I often tell my patients that fascia is similar to the glad wrap (or cling wrap) that wraps the meat or fruit tightly that we see in supermarkets.

When our fascia is adhered to itself, dehydrated or has unhealthy tension, movement can be restricted and blood may not be able to flow freely. For example, those knots you feel in your upper back, they may not be muscle tightness but probably fascia that has adhered to itself.

When you release tight fascia and allow for space in the connective tissue, blood can flow freely, movement becomes fluid and pain stops as a result.

Flossing helps create motion between the fascial layers which then releases the unhealthy adhesions.

Those of you who've attended the Kinesio taping courses must be thinking that this sounds similar. Yes, similar to the fascia taping techniques covered in the Day 2 of the Kinesio Taping course.

There is also the occlusion effect, The compression from the Floss band will prevent blood flow to the area the band is wrapped around. When the band is released, a rush of blood hydrates that area and can have a healing effect.

No Floss band, not enough range ....
With the Floss band
This is probably how joint mechanics improved too since joints that are painful and/ or have decreased range of motion after flossing often change remarkably.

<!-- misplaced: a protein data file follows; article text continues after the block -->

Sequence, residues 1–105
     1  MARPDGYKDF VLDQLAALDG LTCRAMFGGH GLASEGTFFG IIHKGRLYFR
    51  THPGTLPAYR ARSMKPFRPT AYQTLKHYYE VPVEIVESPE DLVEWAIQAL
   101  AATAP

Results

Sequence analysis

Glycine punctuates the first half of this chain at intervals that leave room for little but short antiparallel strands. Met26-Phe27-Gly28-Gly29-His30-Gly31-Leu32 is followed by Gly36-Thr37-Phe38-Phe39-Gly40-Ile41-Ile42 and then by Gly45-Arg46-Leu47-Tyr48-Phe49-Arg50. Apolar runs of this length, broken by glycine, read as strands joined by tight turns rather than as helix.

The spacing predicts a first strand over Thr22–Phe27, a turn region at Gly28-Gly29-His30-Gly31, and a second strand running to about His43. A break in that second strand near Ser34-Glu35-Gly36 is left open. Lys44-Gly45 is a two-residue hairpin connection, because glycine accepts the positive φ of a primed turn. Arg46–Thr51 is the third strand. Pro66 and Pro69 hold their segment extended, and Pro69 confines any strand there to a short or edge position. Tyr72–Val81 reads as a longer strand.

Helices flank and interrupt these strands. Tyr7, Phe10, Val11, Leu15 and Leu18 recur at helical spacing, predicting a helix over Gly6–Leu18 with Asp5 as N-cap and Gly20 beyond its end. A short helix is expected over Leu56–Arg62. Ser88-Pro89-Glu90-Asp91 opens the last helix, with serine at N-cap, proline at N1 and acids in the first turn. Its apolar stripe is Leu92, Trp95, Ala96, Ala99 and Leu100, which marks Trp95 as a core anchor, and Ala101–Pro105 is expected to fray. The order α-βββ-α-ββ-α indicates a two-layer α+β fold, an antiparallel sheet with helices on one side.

Joints that are swollen benefit as compression (from the Floss bands) moves the swelling or drain the swollen area to other parts just like how our own lymphatic (or drainage) system works.

My patient in the picture above (no prizes for guessing who) ruptured his patella tendon last month and after surgery to attach it back didn't have enough range to ride the stationary bike. After flossing, kaboom! He's got enough range to pedal a full revolution. He yelled really loudly though!

Personally, I feel the Floss bands seem to work best in aiding recovery. Flossing the thigh muscles after a hard run  makes the legs feel a lot lighter and looser in two minutes. Yes you read correctly, two minutes or less.

 I've had a Team Singapore swimmer, cyclist and a netball player come in to our clinic today with acute muscle soreness and responded favourably to flossing and all three were impressed with how quickly the results came. You've got to try it to believe it.